If you want to kill a conversation on a first date -- or a second, or forty-second -- mention non-consensual sex.
It's come up for me recently in explaining why I decided to go on pre-exposure prophylaxis, commonly known as PrEP, which is a daily regimen of Truvada proven highly effective against HIV transmission.
The troublesome labeling of PrEP users as "Truvada whores" has been well-documented. And while I don't really care if I'm called a whore for taking care of myself, I do feel the need to tell people why I take it. It's not that I regularly choose to have condomless sex and need alternative protection. It's that I know I might not always get a say in whether or not I have sex, much less if a condom is used.
When I offer that reasoning, I'm met with silence. And usually not a next date.
The Oscars taking on sexual assault earlier this week is notable because our society is generally petrified of discussing the topic of sex and consent. Most people are happy to throw the word "rape" around in the context of a joke or insult, but mention the subject seriously and they go running. Instead we image a world in which 99.99 percent of sex happens with full and free consent, in which a handful of "bad actors" are the ones committing rape, and in which all but a pathetic few are exempted from pain.
I have been sexually engaged without full and free consent a few times in my life, and on two occasions, a condom was not used. The first time, as a recently-out person who knew nothing about HIV, I resigned myself to death if I had had the misfortune of sero-converting after the encounter. The second time, many years later and much better educated, I took things in stride but still had to endure a complicated and humiliating process of acquiring "morning after" treatment for my potential exposure (a treatment known as Post-Exposure Prophylaxis, or PEP). That was a situation I never wanted to be in again, so I began PrEP soon thereafter.
Millions of people experience this type of abuse each year, including shocking numbers here in the U.S. and many more worldwide who lack the healthcare access from which I benefited. Yet it is not something we talk about or have in our minds when we discuss public health. In a recent discussion on HIV prevention at the Harvard School of Public Health, I was surprised to hear some classmates opine that most of the world's population has meaningful choice in every sexual encounter they have -- has a real ability to abstain from sex indefinitely if they want to play it safe -- has an ability to ensure their partner is "faithful" -- has the final say on whether a condom will be used each and every time.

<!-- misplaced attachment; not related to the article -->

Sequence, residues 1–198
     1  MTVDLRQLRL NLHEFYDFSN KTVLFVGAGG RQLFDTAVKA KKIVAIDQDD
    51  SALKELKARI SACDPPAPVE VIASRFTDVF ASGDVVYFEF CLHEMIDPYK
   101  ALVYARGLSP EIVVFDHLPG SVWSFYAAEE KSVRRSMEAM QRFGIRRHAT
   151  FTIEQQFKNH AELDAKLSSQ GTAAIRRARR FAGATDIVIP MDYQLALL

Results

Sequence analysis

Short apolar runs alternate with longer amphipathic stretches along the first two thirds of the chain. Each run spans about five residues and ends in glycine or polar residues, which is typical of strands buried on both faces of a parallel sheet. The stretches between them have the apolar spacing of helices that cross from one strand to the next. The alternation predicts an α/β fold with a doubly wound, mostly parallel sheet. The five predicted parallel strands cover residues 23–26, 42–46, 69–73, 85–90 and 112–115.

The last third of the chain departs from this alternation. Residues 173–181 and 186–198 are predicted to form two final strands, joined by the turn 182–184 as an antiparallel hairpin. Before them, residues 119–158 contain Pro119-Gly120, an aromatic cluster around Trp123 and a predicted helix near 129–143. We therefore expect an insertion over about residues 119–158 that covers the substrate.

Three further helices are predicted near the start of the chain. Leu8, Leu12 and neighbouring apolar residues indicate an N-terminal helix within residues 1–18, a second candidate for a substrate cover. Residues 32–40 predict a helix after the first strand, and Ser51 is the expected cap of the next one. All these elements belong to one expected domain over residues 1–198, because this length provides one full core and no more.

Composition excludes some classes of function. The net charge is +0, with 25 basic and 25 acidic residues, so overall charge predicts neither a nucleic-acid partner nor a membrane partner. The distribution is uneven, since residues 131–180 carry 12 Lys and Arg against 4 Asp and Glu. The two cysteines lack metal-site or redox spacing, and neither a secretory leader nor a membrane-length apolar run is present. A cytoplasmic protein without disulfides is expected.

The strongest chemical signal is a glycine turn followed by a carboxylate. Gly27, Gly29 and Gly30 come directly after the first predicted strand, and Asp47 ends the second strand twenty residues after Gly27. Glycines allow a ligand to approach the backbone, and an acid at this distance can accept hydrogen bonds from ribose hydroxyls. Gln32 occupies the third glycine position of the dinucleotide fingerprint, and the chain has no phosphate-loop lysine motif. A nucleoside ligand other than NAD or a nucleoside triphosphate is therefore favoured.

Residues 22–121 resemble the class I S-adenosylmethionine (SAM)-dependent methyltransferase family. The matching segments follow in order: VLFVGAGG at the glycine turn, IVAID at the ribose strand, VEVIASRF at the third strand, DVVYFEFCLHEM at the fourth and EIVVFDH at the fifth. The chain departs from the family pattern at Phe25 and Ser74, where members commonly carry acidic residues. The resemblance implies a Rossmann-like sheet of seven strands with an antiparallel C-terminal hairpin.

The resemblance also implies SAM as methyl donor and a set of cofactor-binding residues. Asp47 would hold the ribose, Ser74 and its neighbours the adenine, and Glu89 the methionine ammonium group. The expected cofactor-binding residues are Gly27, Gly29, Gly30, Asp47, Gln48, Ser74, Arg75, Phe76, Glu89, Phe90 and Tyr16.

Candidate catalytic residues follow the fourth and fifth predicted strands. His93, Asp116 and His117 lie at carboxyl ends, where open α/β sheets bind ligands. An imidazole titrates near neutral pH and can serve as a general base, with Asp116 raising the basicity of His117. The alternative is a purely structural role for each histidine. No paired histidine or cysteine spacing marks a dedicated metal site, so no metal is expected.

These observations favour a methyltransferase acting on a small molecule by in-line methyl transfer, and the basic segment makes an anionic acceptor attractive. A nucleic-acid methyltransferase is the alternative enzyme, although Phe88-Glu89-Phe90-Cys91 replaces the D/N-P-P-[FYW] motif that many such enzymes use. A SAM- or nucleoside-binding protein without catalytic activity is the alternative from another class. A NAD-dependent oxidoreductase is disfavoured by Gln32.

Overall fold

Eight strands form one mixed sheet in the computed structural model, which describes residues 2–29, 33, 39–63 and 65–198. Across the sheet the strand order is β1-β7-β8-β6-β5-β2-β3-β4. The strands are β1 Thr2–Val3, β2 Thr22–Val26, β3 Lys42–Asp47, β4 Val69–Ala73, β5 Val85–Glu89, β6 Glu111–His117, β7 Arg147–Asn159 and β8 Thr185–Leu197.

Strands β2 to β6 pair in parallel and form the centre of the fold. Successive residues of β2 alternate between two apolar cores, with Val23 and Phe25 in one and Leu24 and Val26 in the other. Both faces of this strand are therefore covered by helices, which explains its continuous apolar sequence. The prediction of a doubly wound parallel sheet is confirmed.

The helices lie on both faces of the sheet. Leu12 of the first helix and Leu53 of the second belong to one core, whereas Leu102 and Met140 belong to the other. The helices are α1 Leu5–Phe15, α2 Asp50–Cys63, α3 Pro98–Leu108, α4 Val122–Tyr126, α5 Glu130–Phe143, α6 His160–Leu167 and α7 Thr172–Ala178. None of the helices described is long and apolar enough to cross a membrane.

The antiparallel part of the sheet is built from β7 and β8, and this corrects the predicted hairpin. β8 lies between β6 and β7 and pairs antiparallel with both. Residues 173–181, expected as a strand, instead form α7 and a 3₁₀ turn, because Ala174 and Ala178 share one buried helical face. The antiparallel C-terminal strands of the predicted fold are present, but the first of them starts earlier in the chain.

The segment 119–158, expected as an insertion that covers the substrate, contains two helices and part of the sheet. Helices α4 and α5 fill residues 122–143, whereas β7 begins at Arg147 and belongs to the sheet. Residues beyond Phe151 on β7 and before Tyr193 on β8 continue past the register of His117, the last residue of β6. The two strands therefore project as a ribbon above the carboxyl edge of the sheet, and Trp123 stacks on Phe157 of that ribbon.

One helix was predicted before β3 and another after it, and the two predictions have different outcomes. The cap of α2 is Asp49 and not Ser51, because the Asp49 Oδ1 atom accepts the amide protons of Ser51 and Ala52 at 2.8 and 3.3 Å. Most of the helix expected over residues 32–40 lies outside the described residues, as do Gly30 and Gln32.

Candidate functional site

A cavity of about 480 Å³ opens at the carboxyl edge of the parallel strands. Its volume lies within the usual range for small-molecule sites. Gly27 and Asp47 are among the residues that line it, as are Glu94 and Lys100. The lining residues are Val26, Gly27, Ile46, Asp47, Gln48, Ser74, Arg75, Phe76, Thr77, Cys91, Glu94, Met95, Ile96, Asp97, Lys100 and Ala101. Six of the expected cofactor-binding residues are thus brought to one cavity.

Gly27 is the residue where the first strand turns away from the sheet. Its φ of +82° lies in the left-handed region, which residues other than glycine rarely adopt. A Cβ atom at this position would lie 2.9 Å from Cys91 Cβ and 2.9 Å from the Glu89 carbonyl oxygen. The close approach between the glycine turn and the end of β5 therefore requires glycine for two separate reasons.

It is absurd to think that most women and sexual minorities live in a world in which they exercise full control over their bodies. Indeed, even those of us fortunate enough to experience such agency most of the time face moments of powerlessness and abuse. By willfully ignoring reality, we allow this culture of violence to persist.
When I speak of a "myth of consensual sex," I do not mean that the concept of consensual sex is itself a thing of fiction. I mean that we as a people collectively ignore non-consensual sex and the influence of coercion in sexual relationships. Indeed, even when one experiences it for oneself, it can be difficult to accept the truth because we are raised in denial. That makes it impossible to get help and to make the best choices about our health and safety.
So when the topic of PrEP comes up, I make a point of mentioning that -- among all forms of HIV prevention -- it offers protection even when one does not have a say as to whether a condom is used. It has the radical potential to enable people all over the world to protect themselves from exposure when they otherwise would lack the power to do so.
Perhaps if we acknowledge the role that PrEP could play in protecting people when they lack the power to say "no," we could begin the much larger task of breaking down the social structures that allow power inequities in sexual relations to persist. There is no vaccine or magic pill coming to cure the world of this disease; it is a condition from which we as a people must save ourselves.